And I see no one running or might-be-running who offers me something that is neither status quo dynastics nor unelectable iconoclastism. I mean no disrespect to Hillary or Bernie fans. If there's an O'Malley fan out there, I mean no disrespect to your husband or son, whichever he is, either. I would like to get that old fire going again, see that candlelight, taste that red wine of liberal excitement one more time. My inner psychologist tells me my loins ache for a new Bobby, but we've been waiting for a new Bobby since 1968 and every one of those whom we've tried in my lifetime has fallen a little more short and then a little more shorter each go round. We'll never have another Bobby. Angels never touch the ground.

But though my cynical old liberal hearthead knows the ideal is unattainable, still, I look around for some candidate to mount a plucky can-do campaign, storm the bridge, and right this listing, rust-bottomed ship of state. But who? Mark Dayton seems like a good mix of liberal and pragmatic. Cory Booker looks like a potential game changer. Of course Elizabeth Warren would win my valentines no matter what deals she'd have to cut to win the nomination. But none of them are running.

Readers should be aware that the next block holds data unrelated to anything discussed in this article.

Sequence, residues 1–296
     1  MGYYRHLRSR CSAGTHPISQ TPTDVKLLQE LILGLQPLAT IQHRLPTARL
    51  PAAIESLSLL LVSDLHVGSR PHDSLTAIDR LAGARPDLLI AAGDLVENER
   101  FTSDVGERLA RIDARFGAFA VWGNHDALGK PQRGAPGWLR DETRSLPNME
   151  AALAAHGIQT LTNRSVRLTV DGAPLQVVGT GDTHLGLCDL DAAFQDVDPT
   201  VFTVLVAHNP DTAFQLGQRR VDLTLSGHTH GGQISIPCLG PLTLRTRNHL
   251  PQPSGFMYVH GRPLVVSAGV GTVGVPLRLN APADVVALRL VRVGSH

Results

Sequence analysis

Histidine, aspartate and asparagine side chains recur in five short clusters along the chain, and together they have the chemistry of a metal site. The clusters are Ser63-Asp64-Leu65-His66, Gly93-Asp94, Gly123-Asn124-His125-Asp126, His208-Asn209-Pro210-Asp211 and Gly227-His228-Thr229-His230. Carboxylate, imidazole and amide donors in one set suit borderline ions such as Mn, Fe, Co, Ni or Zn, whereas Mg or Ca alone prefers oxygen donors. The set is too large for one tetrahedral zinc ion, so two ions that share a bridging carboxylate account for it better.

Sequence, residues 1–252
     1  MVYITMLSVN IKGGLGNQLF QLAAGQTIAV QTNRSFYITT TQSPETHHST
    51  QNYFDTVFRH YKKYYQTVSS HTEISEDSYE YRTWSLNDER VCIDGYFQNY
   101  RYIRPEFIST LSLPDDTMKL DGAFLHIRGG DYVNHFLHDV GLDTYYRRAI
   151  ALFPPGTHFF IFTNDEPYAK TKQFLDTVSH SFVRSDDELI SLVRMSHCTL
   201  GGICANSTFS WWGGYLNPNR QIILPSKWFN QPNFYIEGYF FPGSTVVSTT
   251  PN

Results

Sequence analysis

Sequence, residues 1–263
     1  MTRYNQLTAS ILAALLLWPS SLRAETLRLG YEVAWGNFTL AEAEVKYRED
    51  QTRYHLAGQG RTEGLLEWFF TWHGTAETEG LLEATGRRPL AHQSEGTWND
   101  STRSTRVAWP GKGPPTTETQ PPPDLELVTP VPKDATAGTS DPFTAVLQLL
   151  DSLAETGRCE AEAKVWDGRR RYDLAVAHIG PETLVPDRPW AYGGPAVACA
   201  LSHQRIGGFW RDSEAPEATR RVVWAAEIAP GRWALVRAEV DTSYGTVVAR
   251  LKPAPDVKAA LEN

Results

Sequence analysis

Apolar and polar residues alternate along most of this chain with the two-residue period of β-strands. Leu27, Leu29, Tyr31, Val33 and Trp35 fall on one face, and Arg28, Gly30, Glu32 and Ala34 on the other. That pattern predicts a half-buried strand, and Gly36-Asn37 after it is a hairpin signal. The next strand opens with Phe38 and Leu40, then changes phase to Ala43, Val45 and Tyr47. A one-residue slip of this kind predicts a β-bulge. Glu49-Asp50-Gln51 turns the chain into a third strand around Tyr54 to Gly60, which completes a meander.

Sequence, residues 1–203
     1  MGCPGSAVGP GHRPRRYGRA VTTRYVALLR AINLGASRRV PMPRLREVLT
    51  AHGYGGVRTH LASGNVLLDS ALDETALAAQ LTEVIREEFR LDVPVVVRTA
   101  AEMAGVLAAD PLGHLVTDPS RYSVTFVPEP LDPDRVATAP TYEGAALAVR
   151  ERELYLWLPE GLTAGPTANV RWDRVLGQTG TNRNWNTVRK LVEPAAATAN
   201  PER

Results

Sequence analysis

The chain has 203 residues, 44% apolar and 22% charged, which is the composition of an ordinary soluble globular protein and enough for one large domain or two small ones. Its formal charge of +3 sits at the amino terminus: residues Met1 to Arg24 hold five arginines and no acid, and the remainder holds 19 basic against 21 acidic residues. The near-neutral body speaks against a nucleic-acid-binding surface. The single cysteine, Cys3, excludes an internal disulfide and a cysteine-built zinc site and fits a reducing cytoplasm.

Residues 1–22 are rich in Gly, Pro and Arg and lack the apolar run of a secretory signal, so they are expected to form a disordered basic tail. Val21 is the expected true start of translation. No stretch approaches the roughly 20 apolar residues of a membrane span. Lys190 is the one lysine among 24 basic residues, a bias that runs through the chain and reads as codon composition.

What bothers me more than the lack of alternative to the heir apparent and the Philadelphia Eagles-designate who opposes her is that knowledge that there probably is someone out there who really could come out and set the grass roots on fire--but that they're all acquiescing to the dynastic coronation. Now, this is not an anti-Hillary rant. I'd probably vote for her over Mr Sanders. I won't cry if she sits in the Oval. But even the most fervid of her liberal supporters, if they are truly liberal, should be worried just a bit of what it means is going on behind the scenery of public debate if not a single one of her potential mainstream challengers is willing to step onto the stage and match wits with her.

As Sherlock Holmes might observe, there is the evidence of the hounds that do not bark. What does it mean to our democracy, not in conspiratorial terms but in sociological forces, if the "democratic" party of a widely diverse nation has an effectively uncontested nomination process. How can we call that democracy? And maybe this is why I feel this funk, this lack of romantic ardor for any candidate in the field. A generation ago the Democrats were the ones with the crowded stage of would-bes vying for the title of Bobby du jour. The Republicans have a whole clown car full of jackanapes to pick from. Where are our Lancelots? Where are our contenders? Why don't new and sexy politicians come a-calling for my vote anymore? Why can't we get it up?

But my narrative is drifting now. I will try and address some of my fears about whys in a later essay. I have a job to go do now.